Foglesong: London Captures the Beauty of Adventure

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Jack London was born in San Francisco in 1876 and died 1916. Between those years he packed in about as much adventure as is possible for one human being. London is famous for his tales of the wild and stormy sea voyages, yet he also lived and breathed those same experiences. In terms of beautiful and descriptive writing, he has no equal.

In London’s “The Sea-Wolf,” a dusty professor is pressured into the crew of a sealing schooner and experiences an entirely new life. London creates a world in which the man who labors is forced to engage with the subjects he formerly thought of only academically. He creates a novel that communicates the terrifying beauty and majesty of a sea adventure, the excitement of a storm. He also illuminates what it means to immerse yourself in a new lifestyle­ and how one copes with challenges and problems that cannot be solved with previous knowledge.

In the book, the protagonist, professor Humphrey Van Weyden, encounters schooner captain Wolf Larsen,  a devout materialist and surprisingly well-versed philosopher for the captain of such a vessel. The high sea is the stage for great philosophical debates between Van Weyden and Larsen. The captain strives endlessly to show Van Weyden the emptiness of life and how selfishness is the only logical outlook. Van Weyden, uncomfortable without his books and office, must contend with this harshness while trying to retain his own romanticism.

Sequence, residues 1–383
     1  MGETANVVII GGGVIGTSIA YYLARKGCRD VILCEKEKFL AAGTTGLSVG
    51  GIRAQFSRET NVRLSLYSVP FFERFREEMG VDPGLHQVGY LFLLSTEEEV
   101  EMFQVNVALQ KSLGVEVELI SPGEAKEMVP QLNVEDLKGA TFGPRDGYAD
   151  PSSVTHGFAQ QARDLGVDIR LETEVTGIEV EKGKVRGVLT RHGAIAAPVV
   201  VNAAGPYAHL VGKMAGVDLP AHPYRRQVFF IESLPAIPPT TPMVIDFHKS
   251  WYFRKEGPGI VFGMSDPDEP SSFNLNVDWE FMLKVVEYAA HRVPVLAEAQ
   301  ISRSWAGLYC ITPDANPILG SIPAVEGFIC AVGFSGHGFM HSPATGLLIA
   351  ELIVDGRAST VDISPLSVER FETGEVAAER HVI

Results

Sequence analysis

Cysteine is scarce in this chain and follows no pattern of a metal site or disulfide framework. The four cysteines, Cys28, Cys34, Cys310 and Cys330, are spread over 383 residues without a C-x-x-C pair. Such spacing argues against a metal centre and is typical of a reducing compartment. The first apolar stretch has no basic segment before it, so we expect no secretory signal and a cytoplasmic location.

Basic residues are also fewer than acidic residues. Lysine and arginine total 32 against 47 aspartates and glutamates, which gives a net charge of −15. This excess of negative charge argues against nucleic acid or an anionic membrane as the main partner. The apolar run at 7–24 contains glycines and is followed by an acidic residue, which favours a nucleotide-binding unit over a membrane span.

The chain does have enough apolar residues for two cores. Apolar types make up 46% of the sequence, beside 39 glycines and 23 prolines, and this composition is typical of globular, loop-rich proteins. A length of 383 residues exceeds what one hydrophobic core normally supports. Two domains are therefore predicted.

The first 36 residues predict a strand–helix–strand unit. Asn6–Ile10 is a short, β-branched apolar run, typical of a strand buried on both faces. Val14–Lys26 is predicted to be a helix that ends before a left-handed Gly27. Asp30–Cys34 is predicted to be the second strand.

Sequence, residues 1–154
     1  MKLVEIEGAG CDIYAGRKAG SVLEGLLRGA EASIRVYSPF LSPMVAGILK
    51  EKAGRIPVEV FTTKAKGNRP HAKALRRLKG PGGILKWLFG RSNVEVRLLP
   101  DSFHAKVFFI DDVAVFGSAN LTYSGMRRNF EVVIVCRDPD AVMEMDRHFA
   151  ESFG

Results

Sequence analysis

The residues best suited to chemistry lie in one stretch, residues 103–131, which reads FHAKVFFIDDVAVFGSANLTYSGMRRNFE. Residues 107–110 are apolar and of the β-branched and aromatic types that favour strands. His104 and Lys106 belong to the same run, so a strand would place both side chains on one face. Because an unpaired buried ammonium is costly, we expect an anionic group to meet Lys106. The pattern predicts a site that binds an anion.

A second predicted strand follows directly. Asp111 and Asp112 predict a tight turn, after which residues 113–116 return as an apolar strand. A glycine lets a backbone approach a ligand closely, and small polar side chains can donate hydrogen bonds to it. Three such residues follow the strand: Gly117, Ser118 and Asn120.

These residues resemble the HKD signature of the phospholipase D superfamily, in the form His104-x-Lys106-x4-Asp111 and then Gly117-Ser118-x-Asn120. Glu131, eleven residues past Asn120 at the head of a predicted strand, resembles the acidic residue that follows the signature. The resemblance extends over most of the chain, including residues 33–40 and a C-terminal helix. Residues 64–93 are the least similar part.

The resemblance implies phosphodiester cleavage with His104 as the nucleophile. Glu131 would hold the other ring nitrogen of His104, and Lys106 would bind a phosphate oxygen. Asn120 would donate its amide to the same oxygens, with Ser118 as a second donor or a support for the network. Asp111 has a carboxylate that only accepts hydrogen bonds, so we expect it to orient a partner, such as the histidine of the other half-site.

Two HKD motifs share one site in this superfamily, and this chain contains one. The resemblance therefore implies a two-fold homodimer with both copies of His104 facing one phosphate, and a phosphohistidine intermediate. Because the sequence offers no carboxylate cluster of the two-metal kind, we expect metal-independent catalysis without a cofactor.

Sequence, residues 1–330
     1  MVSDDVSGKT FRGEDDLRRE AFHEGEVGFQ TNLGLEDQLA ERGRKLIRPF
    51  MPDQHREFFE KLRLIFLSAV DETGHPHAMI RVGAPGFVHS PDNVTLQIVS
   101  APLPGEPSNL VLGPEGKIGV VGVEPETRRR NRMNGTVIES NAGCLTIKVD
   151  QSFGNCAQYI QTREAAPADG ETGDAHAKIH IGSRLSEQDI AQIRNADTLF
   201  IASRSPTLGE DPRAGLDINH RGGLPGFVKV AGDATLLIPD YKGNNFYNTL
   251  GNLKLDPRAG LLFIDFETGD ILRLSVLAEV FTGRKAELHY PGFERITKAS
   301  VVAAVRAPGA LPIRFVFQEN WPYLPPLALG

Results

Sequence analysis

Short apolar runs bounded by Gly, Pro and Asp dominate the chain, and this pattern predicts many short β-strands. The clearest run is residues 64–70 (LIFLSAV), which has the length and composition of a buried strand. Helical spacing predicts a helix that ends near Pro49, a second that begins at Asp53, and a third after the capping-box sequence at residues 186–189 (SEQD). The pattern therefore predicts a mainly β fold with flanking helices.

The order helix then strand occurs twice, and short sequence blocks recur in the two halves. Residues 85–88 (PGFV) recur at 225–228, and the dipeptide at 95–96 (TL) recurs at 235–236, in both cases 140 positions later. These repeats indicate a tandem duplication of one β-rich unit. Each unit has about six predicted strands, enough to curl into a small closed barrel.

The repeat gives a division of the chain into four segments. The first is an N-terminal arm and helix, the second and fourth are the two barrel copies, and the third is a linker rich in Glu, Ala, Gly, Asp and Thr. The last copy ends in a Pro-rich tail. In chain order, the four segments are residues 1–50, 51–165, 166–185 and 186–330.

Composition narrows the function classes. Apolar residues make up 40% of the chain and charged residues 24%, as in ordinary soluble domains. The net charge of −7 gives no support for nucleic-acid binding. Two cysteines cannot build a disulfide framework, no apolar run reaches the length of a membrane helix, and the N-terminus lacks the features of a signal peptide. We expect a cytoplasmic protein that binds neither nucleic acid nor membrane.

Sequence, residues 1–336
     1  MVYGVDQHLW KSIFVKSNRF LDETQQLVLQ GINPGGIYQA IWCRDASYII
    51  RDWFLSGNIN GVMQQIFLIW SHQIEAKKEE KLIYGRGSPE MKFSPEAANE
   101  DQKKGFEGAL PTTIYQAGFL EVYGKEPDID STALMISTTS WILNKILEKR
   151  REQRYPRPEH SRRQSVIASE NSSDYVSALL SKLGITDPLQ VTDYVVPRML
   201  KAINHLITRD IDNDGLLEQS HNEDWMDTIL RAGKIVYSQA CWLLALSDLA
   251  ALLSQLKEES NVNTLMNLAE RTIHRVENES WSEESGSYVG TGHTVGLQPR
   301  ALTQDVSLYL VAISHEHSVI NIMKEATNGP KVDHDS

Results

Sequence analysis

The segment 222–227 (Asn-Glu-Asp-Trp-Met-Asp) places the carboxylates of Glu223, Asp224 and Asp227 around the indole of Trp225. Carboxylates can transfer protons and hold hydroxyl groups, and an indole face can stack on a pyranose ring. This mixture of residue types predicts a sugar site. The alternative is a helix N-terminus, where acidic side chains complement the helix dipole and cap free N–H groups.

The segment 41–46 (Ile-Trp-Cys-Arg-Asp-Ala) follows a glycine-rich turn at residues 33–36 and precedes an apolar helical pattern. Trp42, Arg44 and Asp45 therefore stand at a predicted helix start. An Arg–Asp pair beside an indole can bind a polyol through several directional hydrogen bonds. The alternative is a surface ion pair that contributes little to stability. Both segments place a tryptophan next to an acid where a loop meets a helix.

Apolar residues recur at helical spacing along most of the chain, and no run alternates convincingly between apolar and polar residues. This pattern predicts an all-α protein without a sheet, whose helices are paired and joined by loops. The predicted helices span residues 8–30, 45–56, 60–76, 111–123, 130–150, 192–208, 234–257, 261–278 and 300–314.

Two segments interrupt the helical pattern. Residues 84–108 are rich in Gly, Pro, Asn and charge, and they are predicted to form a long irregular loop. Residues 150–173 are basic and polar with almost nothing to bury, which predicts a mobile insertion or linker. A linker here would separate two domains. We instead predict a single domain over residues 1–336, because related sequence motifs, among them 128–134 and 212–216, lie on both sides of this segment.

These tales are engaging because they reflect London’s own life. He worked on a sealing schooner and no doubt had to contend with the same moral and philosophical challenges that at times were more difficult than the physical rigors of life in the tundra or life at sea.

London communicates the awesome beauty of nature in a way that I have never observed in another writer. He doesn’t just describe the beauty of a sunset or of flowers, things traditionally thought of as beautiful. London spends two pages describing the excitement, the soul-enthralling feeling of standing at the helm of a ship facing death in the shape of a 20-foot wave. London observes and captures the beauty of the moments where you are caught between life and death. This ability makes him immortal: If one can see life, death and the beauty they encompass and preserve those emotions between the pages of a book, then one can truly live forever.

Indeed, London will live forever. His stories of adventure have and will continue to inspire millions of people to live beautifully and to the extreme. If you have yet to read a Jack London novel, I highly recommend doing so.

letters@chronicle.utah.edu

@TheChrony

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